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Genetically-modified fruit flies could control wild populations by producing only sons


August 13, 2014

Male medflies that are genetically altered using the RIDL technique don't produce viable female offspring (Photo: Oxitec)

Male medflies that are genetically altered using the RIDL technique don't produce viable female offspring (Photo: Oxitec)

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Mediterranean fruit flies are responsible for extensive damage to fruit and vegetable crops, not only in the Mediterranean region but also in Australia, North and South America. While existing methods of controlling them include the use of insecticides and sterilization, the University of East Anglia and biotech company Oxitec are pioneering what they claim is a greener and less expensive approach –  they're genetically modifying male fruit flies to produce only male viable offspring.

In the existing sterilization approach, radiation is used to render captive male "medflies" sterile – it's known as the Sterile Insect Technique (SIT). When those flies are released into wild populations, they mate with females that would otherwise be mating with wild males. Because the SIT males are sterile, however, those couplings don't result in any fertile eggs, thus lowering the population.

One of the problems with SIT, however, is that the irradiation process weakens the flies, lessening their ability to mate properly. That's where the UEA/Oxitec process, called RIDL (Release of Insects Containing a Dominant Lethal), comes in.

It doesn't involve radiation, but instead introduces a gene that keeps male flies' female offspring from reaching the reproductive stage. The treated males are said to be healthier than those subjected to SIT, and will readily mate with wild females once they're released. Those females will in turn lay fertile eggs, but all of the resulting female babies will die before they're able to produce offspring of their own.

In lab tests conducted in medfly-containing greenhouses at the University of Crete, RIDL reportedly resulted in a "rapid population collapse." UEA and Oxitec are now seeking approval for open-field trials of the technology.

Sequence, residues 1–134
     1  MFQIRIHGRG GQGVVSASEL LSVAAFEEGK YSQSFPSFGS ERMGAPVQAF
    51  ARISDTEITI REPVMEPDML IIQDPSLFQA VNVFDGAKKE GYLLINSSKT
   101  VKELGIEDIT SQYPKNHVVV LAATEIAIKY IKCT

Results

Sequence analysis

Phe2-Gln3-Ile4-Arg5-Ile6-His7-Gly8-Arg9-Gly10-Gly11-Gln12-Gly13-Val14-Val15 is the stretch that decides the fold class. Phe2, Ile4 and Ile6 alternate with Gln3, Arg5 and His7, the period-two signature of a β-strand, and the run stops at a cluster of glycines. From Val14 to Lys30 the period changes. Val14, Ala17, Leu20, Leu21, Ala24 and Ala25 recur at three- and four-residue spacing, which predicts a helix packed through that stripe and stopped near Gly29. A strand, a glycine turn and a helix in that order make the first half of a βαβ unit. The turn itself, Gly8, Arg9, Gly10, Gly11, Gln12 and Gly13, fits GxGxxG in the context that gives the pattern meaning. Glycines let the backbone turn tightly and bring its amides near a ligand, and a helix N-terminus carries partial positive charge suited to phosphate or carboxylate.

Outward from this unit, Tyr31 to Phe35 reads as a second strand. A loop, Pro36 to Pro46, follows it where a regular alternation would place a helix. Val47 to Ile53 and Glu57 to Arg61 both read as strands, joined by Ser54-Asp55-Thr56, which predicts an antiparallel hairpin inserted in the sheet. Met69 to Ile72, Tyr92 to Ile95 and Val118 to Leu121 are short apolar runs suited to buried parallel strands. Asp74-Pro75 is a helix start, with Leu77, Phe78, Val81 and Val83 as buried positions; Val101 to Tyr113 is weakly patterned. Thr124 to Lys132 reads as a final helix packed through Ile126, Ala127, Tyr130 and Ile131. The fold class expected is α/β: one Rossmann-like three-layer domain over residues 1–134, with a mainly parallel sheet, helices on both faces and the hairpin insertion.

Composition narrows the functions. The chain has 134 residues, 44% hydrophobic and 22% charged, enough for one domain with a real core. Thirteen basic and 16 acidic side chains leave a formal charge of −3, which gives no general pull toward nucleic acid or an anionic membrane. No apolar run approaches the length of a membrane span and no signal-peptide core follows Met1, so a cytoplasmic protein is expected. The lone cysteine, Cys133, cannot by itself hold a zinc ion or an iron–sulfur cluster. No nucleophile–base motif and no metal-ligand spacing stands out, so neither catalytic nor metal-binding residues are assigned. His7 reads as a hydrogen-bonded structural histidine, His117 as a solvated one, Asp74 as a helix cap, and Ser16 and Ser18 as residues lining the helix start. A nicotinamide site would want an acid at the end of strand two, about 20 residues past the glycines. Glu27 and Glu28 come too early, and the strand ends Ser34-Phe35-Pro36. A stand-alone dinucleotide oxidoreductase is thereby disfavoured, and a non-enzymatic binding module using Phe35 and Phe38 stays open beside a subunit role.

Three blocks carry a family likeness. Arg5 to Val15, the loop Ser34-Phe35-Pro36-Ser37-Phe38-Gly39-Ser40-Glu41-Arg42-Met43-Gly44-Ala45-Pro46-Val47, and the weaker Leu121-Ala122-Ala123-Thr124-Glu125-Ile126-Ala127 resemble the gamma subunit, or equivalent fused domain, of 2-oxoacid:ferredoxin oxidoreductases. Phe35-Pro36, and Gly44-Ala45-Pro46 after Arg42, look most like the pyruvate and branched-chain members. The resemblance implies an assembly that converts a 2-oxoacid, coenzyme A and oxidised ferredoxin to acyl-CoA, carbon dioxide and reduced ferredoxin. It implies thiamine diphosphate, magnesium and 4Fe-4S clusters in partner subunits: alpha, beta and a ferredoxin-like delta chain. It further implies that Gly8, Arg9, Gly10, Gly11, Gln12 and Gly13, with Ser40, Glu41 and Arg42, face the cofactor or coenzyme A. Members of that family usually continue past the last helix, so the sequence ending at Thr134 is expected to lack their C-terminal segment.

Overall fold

Previously, Oxitec has collaborated with the University of California, Irvine, on a system in which genetically-modified male mosquitoes produce female offspring that lack wings. These flightless females can't reach humans, and are easy pickings for predators.

A paper on the RIDL research was published this Wednesday in the journal Proceedings of the Royal Society B.

Sources: University of East Anglia, Oxitec

About the Author
Ben Coxworth An experienced freelance writer, videographer and television producer, Ben's interest in all forms of innovation is particularly fanatical when it comes to human-powered transportation, film-making gear, environmentally-friendly technologies and anything that's designed to go underwater. He lives in Edmonton, Alberta, where he spends a lot of time going over the handlebars of his mountain bike, hanging out in off-leash parks, and wishing the Pacific Ocean wasn't so far away. All articles by Ben Coxworth

At first I wondered what species would suffer from the lack of fruit flies as a food source, but that species would probably benefit from the lack of a need to use insecticides. This solution seems like a great net positive and not just for the profits of the companies involved.

The wingless female mosquito idea is also brilliant. They still survive to be food for mosquito predators. An enemy of my enemy...


Releasing Frankenflies into the environment is not a good idea.


This could mutate. Sex universally is much more diverse than human.

Art Toegemann

Looks good on paper, too ad we don't have another planet to practice on

Jay Finke

interesting but very very risky.


would this work with mosquitoes as well?

Pranav Vissanji
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